My advice: if you're in the process of starting your business, make this decision now, as the transition will be tougher once you already have a rhythm, an organization, and a team.

  • If Not, Ensure Everyone Is Aligned with Full-Remote πŸ™

If your company is already in motion and you wish to switch to full-remote, the task will be much more challenging.

Often, employees are enticed by this new way of working, closer to home, with fewer constraints. But believe me: not everyone has the ability or desire to do it. New tools, a new way of collaborating, managing, and being managed: it's a small revolution to undertake both individually and collectively.

If you're considering this shift, ensure that your team members:

  • genuinely want to work in this manner; listen to them as much as possible
  • possess the necessary skills for this work style
  • are aligned with the rules, as full-remote doesn't mean "I do whatever I want."


2) Set Rules, Define Boundaries 🚫

Rule #2: Full-remote is primarily about structure and rules. There's no remote policy without clear rules. Just like office etiquette, you'll need a framework within which your teams can work and thrive.

It's the founders' job to define the scope: what you want, what you don't. When working remotely, you don't have visibility over anything or anyone; this framework will allow you to provide autonomy to everyone (see rule #7 on ownership).


Remote rules at Magma


I've listed the fundamental rules we have at Magma (document to consult here). Some key points to define in your policy:‍

  • Location

Where do you want your employees to be located? It might seem counterintuitive, but it's a fundamental point. A company with employees scattered across France or one with team members in Tokyo, Sydney, and Paris won't have the same constraints.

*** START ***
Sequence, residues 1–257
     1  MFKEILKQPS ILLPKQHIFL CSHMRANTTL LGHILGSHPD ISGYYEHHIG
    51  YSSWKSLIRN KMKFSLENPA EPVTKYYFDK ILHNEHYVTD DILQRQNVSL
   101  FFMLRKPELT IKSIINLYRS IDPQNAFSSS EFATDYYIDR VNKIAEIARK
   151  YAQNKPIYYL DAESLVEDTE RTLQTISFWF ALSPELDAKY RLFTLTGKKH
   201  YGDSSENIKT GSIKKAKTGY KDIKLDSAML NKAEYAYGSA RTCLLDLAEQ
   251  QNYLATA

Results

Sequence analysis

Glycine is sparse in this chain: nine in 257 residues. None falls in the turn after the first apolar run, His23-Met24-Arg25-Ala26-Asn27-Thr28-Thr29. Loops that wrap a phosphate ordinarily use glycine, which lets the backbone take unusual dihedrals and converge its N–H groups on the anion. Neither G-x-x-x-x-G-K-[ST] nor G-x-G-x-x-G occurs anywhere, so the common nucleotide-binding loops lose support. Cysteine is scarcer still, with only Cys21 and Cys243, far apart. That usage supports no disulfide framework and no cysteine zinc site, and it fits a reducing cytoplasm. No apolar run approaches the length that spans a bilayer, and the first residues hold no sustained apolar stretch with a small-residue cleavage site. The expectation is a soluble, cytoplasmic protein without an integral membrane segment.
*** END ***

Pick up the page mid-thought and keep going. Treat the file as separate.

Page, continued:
Can your employees travel as they wish throughout the year, or do they need to be tied to a specific country? This raises questions about time zones, employment contracts, taxation, salaries, and administrative complexities, which will differ significantly.

For example, at Magma, we've decided that:

  • Employees should stay within +2/-6 hours of Paris time zone; we don't want our employees working nights where they are.
  • Tax residency must be maintained: for instance, a French citizen needs to be physically in France for more than 6 months a year.
  • Working Hours

Define working hours. I'm not a fan of organizations without set hours. We often think it's more flexible, that fixed hours are too rigid. In reality, it often means we're never disconnected. In full-remote, the boundary between personal and professional is more complex to manage. In an office, it's simple: when I leave, I disconnect. But what do we do when there's no office?

Whether you're working in the same time zone or not, I advise you to establish a timeframe. At Magma, we all work in the same time zone (even those in different ones), and we connect at 9 AM and disconnect at 6 PM.

  • ‍Travel

Framing travel is also important. When people join a full-remote company, it's crucial to explain whether they'll need to travel and how it's organized. Do you meet in person from time to time? Not at all? Are there team or company-wide gatherings?

For many, this might not matter, but in reality, setting these rules from the beginning is essential. For example:

- The digital nomad profile: an employee joining you to travel all year might not want to undertake company travel to meet colleagues every month or quarter.
- The profile not interested (or unable) to travel: an employee wants to be full-remote to avoid interactions with colleagues or avoid traveling for professional reasons.
- At Magma, we ask everyone to travel if necessary. For our quarterly "retreats," but also for any major events. Several candidates didn't continue the recruitment process because for them, full-remote meant not traveling.

  • ‍Adapt Rules Every 6 Months (if necessary)